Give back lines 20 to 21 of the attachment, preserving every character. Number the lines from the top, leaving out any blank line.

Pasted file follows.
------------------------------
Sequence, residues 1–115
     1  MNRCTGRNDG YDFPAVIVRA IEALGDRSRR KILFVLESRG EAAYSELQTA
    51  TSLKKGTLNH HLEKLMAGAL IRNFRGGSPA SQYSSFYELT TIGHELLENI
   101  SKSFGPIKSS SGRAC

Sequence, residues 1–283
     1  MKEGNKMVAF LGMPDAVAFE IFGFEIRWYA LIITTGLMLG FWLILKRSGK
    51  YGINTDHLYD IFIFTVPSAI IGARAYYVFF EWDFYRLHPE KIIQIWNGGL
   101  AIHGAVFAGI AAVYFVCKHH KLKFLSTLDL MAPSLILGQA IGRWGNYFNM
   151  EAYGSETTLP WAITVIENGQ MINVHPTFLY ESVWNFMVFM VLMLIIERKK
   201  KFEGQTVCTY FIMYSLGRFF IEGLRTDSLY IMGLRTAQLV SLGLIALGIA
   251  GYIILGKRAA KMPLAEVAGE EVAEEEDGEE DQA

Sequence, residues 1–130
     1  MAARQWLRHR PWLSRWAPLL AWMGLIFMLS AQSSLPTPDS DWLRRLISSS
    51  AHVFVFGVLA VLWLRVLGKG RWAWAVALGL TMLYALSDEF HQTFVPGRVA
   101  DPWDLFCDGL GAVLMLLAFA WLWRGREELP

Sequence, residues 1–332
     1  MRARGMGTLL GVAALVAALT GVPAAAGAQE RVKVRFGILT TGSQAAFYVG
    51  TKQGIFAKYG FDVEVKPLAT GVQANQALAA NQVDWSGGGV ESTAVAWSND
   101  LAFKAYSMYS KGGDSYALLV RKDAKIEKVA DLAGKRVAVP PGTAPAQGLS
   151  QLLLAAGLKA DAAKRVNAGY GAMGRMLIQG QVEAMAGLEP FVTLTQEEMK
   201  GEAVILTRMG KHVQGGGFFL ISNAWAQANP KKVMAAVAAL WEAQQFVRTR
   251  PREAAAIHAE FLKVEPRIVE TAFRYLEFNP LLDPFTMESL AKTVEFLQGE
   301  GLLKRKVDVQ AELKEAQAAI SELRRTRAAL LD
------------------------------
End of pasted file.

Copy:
   151  QLLLAAGLKA DAAKRVNAGY GAMGRMLIQG QVEAMAGLEP FVTLTQEEMK
   201  GEAVILTRMG KHVQGGGFFL ISNAWAQANP KKVMAAVAAL WEAQQFVRTR